- of or relating to money: pecuniary difficulties.
- consisting of or given or exacted in money or monetary payments: pecuniary tributes.
- (of a crime, violation, etc.) involving a money penalty or fine.
Origin of pecuniary
Synonyms for pecuniarySee more synonyms for on Thesaurus.com
Examples from the Web for pecuniary
Contemporary Examples of pecuniary
Yet according to Hamilton, “it was quickly apparent that other than pecuniary consolation would be acceptable.”Should the U.S. Really Pay a Kim’s Ransom?
December 21, 2014
Many Democrats have found the pecuniary power of Republican Super PACS highly intimidating.DIY Swift-Boating: Alexandra Kerry Launches Ad Your Voice 2012
October 21, 2012
Historical Examples of pecuniary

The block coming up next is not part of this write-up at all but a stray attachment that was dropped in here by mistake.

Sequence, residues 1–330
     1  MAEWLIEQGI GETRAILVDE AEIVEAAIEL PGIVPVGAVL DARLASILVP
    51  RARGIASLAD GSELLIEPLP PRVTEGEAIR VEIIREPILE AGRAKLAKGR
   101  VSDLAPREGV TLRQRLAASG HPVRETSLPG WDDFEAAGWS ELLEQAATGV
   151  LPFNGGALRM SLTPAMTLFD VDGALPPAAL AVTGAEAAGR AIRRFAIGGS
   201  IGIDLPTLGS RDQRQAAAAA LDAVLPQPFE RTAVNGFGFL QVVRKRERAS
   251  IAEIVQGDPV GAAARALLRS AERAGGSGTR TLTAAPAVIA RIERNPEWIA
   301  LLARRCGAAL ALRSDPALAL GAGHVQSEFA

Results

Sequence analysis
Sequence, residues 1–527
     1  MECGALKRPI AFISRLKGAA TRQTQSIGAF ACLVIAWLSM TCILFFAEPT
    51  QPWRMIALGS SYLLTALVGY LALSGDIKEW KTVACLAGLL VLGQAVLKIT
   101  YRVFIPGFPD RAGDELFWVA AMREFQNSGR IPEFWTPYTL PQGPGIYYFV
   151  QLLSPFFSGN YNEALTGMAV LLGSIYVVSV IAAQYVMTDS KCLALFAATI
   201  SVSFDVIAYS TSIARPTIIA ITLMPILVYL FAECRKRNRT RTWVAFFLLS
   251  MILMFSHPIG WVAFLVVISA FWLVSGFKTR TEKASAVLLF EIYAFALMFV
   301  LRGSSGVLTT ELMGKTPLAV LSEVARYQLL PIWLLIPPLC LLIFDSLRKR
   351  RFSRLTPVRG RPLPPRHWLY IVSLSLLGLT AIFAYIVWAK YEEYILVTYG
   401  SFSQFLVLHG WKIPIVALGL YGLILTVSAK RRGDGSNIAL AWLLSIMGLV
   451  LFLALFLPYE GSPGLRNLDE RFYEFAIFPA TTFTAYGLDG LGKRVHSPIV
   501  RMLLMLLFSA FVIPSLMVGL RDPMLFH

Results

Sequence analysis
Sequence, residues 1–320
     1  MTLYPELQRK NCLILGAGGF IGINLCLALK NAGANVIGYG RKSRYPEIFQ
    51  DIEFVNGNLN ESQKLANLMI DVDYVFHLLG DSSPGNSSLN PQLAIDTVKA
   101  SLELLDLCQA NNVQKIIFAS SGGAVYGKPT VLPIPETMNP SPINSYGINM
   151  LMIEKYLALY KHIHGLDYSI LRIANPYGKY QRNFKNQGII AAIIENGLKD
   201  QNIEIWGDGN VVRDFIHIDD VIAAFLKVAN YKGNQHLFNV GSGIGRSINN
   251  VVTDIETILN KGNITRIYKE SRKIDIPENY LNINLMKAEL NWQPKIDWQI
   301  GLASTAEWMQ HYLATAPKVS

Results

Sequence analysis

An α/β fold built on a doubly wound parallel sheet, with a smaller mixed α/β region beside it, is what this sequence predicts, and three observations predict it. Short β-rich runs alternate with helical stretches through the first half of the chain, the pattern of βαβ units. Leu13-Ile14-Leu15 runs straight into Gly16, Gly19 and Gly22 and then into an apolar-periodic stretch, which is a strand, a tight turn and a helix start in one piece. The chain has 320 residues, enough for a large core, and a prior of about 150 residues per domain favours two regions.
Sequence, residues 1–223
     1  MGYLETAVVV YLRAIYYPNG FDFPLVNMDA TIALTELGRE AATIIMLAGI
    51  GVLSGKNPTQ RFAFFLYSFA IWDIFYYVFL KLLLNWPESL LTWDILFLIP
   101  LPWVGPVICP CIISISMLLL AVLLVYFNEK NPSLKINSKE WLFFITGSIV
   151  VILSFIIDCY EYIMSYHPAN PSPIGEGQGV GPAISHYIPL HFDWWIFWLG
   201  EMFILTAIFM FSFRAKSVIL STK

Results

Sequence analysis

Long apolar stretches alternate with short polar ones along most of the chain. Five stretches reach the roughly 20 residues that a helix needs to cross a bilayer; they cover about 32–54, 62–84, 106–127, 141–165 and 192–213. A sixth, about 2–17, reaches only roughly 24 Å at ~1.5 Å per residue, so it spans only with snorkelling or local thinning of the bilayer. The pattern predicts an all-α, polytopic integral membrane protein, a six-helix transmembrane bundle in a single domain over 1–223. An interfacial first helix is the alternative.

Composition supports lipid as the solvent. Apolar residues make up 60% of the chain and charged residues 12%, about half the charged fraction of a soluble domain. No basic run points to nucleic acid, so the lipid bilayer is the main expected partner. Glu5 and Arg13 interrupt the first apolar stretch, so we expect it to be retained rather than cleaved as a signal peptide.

I assure you, my dear Sir, that you truly hurt me with your pecuniary parcel.The Letters of Robert Burns
The corporation for pecuniary gain has neither body nor soul.
Its only aim is pecuniary gain, to which it subordinates all else.
It had better not be based on pecuniary obligations; these more often mar than make a friendship.Lysis
I suppose you know his pecuniary condition perfectly; has he money?Dr. Sevier
George W. Cable
- consisting of or relating to money
- law (of an offence) involving a monetary penalty
Word Origin for pecuniary
Word Origin and History for pecuniary
c.1500, from Latin pecuniarius "pertaining to money," from pecunia "money, property, wealth," from pecu "cattle, flock," from PIE root *peku- "wealth, movable property, livestock" (cf. Sanskrit pasu- "cattle," Gothic faihu "money, fortune," Old English feoh "cattle, money").
Livestock was the measure of wealth in the ancient world. For a possible parallel sense development in Old English, see fee, and cf., evolving in the other direction, cattle. Cf. also Welsh tlws "jewel," cognate with Irish tlus "cattle," connected via notion of "valuable thing."